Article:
Does that surprise you? These are the moderate states of the Arab world.
PERLE: The governments are moderate. I don't know that the sentiments of the public--and, obviously, if those figures are right, the sentiments of the public are anything but moderate.
MATTHEWS: But that means the people in the cafes are sitting there picking up their newspapers and going, hey, look at this. They blew up a bunch of Americans. This is good stuff. Check this out. Is that the Middle East you know?
PERLE: It is appalling and it is very dangerous. It shows you what happens when you allow suicide bombing to go largely unresponded to for as long as we did.
We had a decade in which we were attacked again and again and we didn?t respond. And, eventually, these thing become entrenched and even fashionable.
MATTHEWS: But you said last year, in 2001, right after 9/11, that if we go in, the idea that it is going to damage us in the Arab world is nonsense. You think that our going into Iraq has not stimulated a higher level of hostility to us that would support this kind of horrible attitude toward our deaths?
PERLE: Because the Arab world was on Saddam's side? What is the logic of that? That they object to the fact that we've liberated 25 million Iraqis?
MATTHEWS: No. They've objected perhaps to the fact that we've invaded their part of the world and that we?re starting to dictate what they should do over there. That's another interpretation.
PERLE: We're not dictating to anyone. There's a great deal that is believed in the Arab world that is obviously wrong, the idea, for example, that we went into Iraq for oil, the idea that we're there with imperial ambitions. And that will become very clear when we leave.
MATTHEWS: But David Ignatius, who has just come back from "The Washington Post,2 is going to be on the show tonight, has talked in his column about the fact that it was a mistake to believe that simply because people didn't like their tyrant dictator, in this case, Saddam Hussein, that they would welcome outsiders to come in and start calling the shots.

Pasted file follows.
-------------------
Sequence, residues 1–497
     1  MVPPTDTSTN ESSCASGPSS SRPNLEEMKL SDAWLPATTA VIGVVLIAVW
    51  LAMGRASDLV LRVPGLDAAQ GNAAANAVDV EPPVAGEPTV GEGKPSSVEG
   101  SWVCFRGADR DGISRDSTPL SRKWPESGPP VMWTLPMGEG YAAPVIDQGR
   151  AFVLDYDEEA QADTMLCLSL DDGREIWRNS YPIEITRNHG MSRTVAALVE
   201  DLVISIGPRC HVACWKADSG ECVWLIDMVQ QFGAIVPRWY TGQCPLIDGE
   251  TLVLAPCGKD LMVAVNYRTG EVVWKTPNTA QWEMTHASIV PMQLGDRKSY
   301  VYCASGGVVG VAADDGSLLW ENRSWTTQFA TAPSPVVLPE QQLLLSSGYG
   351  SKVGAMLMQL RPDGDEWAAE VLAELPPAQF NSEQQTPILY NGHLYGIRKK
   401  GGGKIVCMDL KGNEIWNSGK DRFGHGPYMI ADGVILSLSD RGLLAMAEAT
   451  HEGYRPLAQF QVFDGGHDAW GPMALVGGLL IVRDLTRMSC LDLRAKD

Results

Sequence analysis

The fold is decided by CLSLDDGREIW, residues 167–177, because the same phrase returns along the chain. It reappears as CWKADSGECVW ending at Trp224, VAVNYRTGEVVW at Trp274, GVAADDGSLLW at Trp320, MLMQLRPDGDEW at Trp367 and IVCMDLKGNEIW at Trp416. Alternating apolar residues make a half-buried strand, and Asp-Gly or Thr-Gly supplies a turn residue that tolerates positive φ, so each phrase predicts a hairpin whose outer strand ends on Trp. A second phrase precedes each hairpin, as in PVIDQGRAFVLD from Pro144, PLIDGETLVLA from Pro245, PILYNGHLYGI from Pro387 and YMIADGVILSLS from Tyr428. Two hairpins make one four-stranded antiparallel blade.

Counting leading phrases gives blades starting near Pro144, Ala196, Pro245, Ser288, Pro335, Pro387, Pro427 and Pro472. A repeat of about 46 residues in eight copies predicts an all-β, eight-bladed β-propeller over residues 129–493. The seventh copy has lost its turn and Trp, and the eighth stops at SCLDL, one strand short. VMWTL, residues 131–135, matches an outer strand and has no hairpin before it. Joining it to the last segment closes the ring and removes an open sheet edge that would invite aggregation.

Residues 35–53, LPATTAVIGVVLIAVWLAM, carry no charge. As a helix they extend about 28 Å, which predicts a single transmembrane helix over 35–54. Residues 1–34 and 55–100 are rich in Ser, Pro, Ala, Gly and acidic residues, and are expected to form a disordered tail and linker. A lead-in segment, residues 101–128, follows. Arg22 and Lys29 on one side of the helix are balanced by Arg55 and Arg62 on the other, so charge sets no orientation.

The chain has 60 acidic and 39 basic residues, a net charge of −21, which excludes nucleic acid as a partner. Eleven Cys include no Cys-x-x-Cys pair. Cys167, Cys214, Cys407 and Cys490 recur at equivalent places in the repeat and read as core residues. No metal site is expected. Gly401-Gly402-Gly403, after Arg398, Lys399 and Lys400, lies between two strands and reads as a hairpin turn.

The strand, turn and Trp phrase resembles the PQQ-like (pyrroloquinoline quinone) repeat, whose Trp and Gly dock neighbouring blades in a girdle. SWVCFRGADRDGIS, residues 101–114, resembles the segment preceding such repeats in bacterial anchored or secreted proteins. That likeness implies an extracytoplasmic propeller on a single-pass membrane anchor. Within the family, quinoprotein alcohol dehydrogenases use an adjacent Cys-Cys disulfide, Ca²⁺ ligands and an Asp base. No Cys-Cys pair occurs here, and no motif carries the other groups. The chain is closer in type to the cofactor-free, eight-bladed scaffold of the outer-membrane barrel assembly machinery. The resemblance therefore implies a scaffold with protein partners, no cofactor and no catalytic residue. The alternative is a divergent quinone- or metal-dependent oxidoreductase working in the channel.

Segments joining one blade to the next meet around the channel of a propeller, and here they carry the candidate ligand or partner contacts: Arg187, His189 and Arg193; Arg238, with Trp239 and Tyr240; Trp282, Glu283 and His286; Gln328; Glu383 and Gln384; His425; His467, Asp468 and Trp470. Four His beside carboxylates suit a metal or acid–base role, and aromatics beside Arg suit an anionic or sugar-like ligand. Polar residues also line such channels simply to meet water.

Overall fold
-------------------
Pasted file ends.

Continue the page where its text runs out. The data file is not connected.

PERLE: But there are polls in Iraq, among Iraqis, not among Moroccans or Jordanians, Iraqis in Iraq, and the overwhelming majority are grateful that they have been liberated and they look forward to a much better future than they had any reason to anticipate under Saddam.
The bolded exchange is what had Josh writing about Perle:
"In other words, the facts don't make sense to me so they're not facts."
But that's not at all a fair or accurate representation of the Perle interview.
Matthews had asked Perle whether, in his view, he thought the U.S. invasion of Iraq had caused a higher level of anti-American hostility in the Muslim world.
Perle simply answered by challenging Matthews to the effect that he thought the war hadn't led to greater Muslim ill-feeling against the U.S.
And, of course, as I blogged above, the polling data bears Perle out, contra Marshall.
Moreover, note too that Arab/Muslim sentiment (the countries polled included a non-Arab nation, Pakistan, though Marshall simply describes them as "Arab" states), per the Pew poll, was also strongly unfavorable towards the U.N. and EU.
Said entities, er, not closely associated with the Iraq war effort--particularly per the worldview of your typical TPM reader railing at Bush's "unilateralism".
Listen, I'm not a water carrier for the neo-cons. I believe that they too often downplay the importance of maintaining our "honest broker" role in the Arab-Israeli dispute. And some of the neo-cons, via Scoop Jackson via Woodrow Wilson, get a bit too exuberant about democracy exportation exercises.
In addition, anti-Americanism in the Arab world has indeed reached shocking levels. But not, in my view, because of Iraq per se.
Rather, many observers believe, because of our perceived bias on the Arab-Israeli issue.
And a prevalent longstanding view that we have pursued somewhat of a "democracy exception" (Richard Haass' phrase) in the region by too often staunchly supporting autocrats (not to mention other, non-Iraq related, factors besides).
But finally and most importantly, what Marshall misses is that Arabs and Muslims, while often deeply humiliated, resentful and suspicious with respect to U.S. policy and motives in the region--are also fascinated, curious and eager to see how Bush's huge Iraq gamble develops in the coming months.
Put differently, they are intrigued to see if a democratic, unitary Iraqi state can rise from the ashes of Saddam's Iraq. The democracy exception policy, at least with regard to Iraq, just took a body blow.
And many Arabs/Muslims are busily digesting this complex reality--and waiting to see how the Iraq project proceeds--without yet having formed a definitive view.
This, at least partially, explains why American favorability rankings in the Muslim world have actually improved since the Iraq invasion per the Pew poll.
But when "the facts don't mesh with our theory...let's get new facts," right Josh?
As I said, goose/gander.